Lutz Koppetsch was born in the German town of Aachen in 1976 and grew up in Krefeld. His mother, Ursula Koppetsch-Blackert, provided a musical environment, having learned classical guitar and piano. She was also happy to note how readily her young son would sing, deciding early on he should attend music lessons. Forced to choose between xylophone and recorder, he opted immediately for the woodwind instrument. He was however not happy with the instrument. Inspired by a neighbour, he took up the clarinet. And when he met his teacher, the Hungarian saxophonist Laszlo Dömötör, he soon knew where his heart lay.

During his time at school Lutz Koppetsch travelled each week from Krefeld to Amsterdam, just two hours away, in order to study with Arno Bornkamp at the “Conservatorium van Amsterdam“. Here he felt for the first time how it might be possible to project the expressive, aspects of the saxophone sound, the colours and timbral potential as it were. Bornkamp had soon helped Lutz Koppetsch emerge from his musical shell and was then able to set him on his way. Expression was the watchword.

After leaving school, Lutz Koppetsch moved in 1997 to Amsterdam and joined the class of Arno Bornkamp, comprising but 16 students. There followed four exciting years, ones in which he expanded his horizons enormously. The exchange of ideas with other classmates was rapid and a healthy sense of competition was encouraged. He was awarded his diploma in 2001, passing instrumental and pedagogical studies with artistic merit.

Lutz Koppetsch then decided to study for a master’s degree at the “ Conservatorium van Amsterdam”. He also took up the chance to be part of an exchange programme with the “Conservatoire national supérieur de musique et de danse de Paris”. Here he entered the class of Claude Delangle, and was able to experience the lightness of being we so often connect with the French school of saxophone playing.

He was so fascinated by this sound, that he decided to apply for a place at the “ Conservatoire National de Region de Versailles”, where he studied with V incent David , a pupil of Delangle. Here, in the environs of Paris, he submersed himself in the French method, one that brought out the brilliant sound of the instrument and which propagated the philosophy of “clarité de la composition”. In 2003 he completed these studies, being awarded the “Prix de Perfectionement à l’unanimité”. There followed two further years’ study back in Amsterdam.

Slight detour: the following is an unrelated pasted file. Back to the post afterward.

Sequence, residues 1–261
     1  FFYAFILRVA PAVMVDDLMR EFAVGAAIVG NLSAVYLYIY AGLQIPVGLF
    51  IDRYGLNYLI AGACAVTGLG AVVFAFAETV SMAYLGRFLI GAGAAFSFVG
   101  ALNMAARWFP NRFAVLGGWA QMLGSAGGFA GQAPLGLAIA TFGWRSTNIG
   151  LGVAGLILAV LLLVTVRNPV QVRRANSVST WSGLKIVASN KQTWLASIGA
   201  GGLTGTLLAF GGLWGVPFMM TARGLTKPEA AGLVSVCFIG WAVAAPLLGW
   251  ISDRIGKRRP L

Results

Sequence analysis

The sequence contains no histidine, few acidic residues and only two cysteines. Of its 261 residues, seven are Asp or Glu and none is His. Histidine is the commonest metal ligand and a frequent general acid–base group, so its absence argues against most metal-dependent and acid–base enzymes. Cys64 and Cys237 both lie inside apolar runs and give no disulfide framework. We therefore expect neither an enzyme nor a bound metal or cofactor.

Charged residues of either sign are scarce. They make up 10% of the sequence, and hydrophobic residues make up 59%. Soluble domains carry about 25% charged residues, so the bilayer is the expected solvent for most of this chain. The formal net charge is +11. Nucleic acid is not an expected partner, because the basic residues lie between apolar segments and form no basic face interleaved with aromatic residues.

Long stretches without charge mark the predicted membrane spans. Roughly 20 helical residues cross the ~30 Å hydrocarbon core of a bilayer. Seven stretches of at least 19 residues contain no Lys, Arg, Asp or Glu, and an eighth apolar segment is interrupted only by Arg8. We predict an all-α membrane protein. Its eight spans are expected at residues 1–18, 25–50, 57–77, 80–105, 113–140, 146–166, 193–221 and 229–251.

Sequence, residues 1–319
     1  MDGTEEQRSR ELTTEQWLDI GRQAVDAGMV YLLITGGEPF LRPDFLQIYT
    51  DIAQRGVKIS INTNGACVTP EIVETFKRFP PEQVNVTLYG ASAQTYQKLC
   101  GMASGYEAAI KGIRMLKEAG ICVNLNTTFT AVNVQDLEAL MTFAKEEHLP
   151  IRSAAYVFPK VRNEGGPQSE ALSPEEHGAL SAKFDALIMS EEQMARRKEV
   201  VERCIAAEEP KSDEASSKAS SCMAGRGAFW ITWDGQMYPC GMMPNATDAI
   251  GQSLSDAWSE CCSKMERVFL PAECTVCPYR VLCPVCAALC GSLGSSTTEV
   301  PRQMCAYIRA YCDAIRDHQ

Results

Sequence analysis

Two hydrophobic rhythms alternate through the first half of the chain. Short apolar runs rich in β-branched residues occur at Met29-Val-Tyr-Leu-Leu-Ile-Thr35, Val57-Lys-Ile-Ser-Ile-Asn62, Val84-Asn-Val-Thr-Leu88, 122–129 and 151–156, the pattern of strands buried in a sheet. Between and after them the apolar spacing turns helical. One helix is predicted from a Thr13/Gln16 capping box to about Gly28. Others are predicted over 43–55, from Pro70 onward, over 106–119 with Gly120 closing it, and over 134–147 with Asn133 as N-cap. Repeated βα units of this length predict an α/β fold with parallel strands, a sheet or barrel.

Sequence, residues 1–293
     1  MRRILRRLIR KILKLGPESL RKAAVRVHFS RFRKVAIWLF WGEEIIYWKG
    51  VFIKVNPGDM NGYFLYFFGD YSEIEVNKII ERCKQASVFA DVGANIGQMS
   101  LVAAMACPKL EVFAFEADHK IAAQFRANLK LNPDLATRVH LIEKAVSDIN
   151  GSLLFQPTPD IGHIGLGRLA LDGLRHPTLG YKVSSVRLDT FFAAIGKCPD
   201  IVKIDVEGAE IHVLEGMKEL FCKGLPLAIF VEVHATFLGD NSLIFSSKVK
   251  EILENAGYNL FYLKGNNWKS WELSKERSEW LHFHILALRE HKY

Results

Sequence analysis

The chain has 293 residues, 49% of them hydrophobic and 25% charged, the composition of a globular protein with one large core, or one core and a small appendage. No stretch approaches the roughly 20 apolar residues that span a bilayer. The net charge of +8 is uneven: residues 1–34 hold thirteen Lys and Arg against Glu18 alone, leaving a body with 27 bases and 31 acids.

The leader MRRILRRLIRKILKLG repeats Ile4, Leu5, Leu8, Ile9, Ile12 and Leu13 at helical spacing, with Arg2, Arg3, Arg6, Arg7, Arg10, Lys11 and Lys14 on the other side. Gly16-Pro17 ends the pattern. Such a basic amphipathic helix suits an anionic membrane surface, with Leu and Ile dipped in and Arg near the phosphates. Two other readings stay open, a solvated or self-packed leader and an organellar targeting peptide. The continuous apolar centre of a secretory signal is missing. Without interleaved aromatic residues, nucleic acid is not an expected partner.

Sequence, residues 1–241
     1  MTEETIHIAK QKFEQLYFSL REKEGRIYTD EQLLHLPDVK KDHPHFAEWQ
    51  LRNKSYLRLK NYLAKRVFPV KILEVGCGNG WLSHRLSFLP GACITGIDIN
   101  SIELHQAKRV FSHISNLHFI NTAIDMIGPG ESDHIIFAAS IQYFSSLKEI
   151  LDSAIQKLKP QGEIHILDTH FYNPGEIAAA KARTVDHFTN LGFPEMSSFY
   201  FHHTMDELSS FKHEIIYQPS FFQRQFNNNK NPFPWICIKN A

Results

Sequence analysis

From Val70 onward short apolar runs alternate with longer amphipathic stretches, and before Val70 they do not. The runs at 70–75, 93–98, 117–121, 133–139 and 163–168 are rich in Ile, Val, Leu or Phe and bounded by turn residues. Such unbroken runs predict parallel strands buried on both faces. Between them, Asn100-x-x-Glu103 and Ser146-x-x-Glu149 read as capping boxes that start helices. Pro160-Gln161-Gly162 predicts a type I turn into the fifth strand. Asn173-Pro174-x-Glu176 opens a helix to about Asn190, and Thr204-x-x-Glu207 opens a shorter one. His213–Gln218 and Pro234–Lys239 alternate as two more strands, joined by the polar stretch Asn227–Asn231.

As a member of the saxophone quartet “Saxemble”, Lutz Koppetsch was four times winner of Germany’s renowned competition for young musicians “Jugendmusiziert”. He continues to play with the ensemble. In 1997 he obtained first place for solo performance and was awarded the “Hans-Sikorski-Gedächtnis-Preis” for the best interpretation of a contemporary work. He then decided to become a professional musician.

In 1999 he won Second Prize at the “Third International Saxophone Competition Gustav Bumcke”, and in 2000 the First Prize at the “First International Competition for Saxophone Ensembles Gustav Bumcke” in Dortmund. In 2001 there followed the Third Prize at the “50th ARD International Music Competition” in Munich, a success which elevated him to one of the most important saxophonists in Germany.